So, with Michele’s wise guidance, I reached that place of calmness and clarity with my decision. I was ready. I spoke to my supervisor to let her know I had decided to resign. While this was a difficult conversation, I continued to feel confident and calm as we talked. I knew I was making the right choice.
Over time we worked out a date and a transition plan that included a piece of consulting work that I could start as part of my new business. That helped allay the fear of starving part!
This choice to become a solopreneur wasn’t just a choice about how I earned my paycheck. It changed most of the everyday parameters of my life. The biggest change for me personally was figuring out my new identity.
As I share this story with all of you, I feel quite a bit of pride. I found the help I needed to face fears that were holding me back. I’ve created the life that I want to live, with work that is meaningful and with a business that is growing, allowing me to be creative, and to reconnect to my core purpose.
Somewhere along the way a part of me had died off, and I have been able to reclaim it. I have the creative pieces of me back. I am being an adventurer and a pioneer again. To get those things I had to walk away from a career I’d worked hard for. It was worth it. Letting go of that created the room for what has come next.
This started out as a journey into the unknown. Even with all my preparations, I still didn’t know what was ahead. Yet as I came to the decision to make this career change, I felt a calm certainty that I was doing the right thing.
When you make a big change like this, whether it is in a career, a relationship, or something else, there is a process of letting go of the old and building a new sense of self. Because my vision and clarity about my new business was still evolving, my new identity was still emerging too. And trust me: there were plenty of days when I felt pretty wobbly.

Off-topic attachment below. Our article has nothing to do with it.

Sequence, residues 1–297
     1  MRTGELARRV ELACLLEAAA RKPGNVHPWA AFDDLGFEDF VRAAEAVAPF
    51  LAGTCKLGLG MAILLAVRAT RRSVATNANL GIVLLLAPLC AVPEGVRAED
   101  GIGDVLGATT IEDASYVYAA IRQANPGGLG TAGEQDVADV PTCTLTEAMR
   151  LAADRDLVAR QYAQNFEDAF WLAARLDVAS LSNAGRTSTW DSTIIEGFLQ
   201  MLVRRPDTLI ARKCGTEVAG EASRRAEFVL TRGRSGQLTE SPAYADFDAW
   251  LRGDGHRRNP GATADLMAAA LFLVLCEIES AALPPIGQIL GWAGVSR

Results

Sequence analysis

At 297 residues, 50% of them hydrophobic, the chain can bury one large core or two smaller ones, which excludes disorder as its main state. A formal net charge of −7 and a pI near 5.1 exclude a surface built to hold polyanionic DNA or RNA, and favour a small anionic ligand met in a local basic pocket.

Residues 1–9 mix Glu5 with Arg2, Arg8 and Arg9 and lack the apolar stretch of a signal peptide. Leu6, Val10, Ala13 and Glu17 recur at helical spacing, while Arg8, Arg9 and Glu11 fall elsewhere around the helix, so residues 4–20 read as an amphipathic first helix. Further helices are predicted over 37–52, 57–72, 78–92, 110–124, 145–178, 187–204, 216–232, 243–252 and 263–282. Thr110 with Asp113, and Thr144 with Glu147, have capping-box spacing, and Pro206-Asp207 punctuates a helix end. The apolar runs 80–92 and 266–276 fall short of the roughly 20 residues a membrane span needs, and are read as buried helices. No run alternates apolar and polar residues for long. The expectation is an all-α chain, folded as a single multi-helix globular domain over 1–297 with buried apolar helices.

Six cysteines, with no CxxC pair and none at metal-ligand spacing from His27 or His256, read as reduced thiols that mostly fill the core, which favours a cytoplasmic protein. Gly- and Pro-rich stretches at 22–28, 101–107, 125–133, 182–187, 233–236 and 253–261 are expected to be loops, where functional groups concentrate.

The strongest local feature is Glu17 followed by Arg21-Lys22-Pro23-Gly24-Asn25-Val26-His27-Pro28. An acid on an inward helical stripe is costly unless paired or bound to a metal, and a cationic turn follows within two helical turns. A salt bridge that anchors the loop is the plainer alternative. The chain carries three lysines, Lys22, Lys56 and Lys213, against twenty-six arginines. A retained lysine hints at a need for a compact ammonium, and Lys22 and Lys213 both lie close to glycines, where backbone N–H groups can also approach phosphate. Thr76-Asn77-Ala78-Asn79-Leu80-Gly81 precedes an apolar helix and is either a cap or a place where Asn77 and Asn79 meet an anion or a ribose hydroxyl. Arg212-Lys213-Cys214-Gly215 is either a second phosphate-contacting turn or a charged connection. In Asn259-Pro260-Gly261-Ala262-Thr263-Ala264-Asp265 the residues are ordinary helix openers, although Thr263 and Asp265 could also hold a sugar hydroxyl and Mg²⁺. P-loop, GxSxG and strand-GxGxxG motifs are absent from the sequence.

Looking back, sometimes I wish I spent less time making this decision. On the other hand, maybe it was best that I remained at my workplace as long as I did. Maybe I really wasn’t quite ready yet to make the change. Who knows.
But the confidence is there now, due in large part to the support I have sought and been lucky to find along the way.
I haven’t shared this story in writing before, but decided to because it might help others who find themselves stuck at some point in their lives.
Your turning point and the decision you’re making might be a very different one from mine. Here’s what you might be able to draw from my story.
Things don’t have to be perfect. If you want to make a change, don’t rush it. But also, don’t stay stuck. Take the time you need and get the help you need. Create a vision that you can steer toward, and develop a plan that will let you make those dreams a reality. You’ll know when you’ve reached a good decision and you’re ready for the next step.
Nancy Seibel guides over-giving, service-centered professionals in reconnecting with what matters most in life: caring relationships, core purpose and clear vision. She lives, works, knits, cooks and rides her bicycle in Catonsville, MD. She founded Keys to Change, LLC in 2012 after 30+ years of nonprofit work.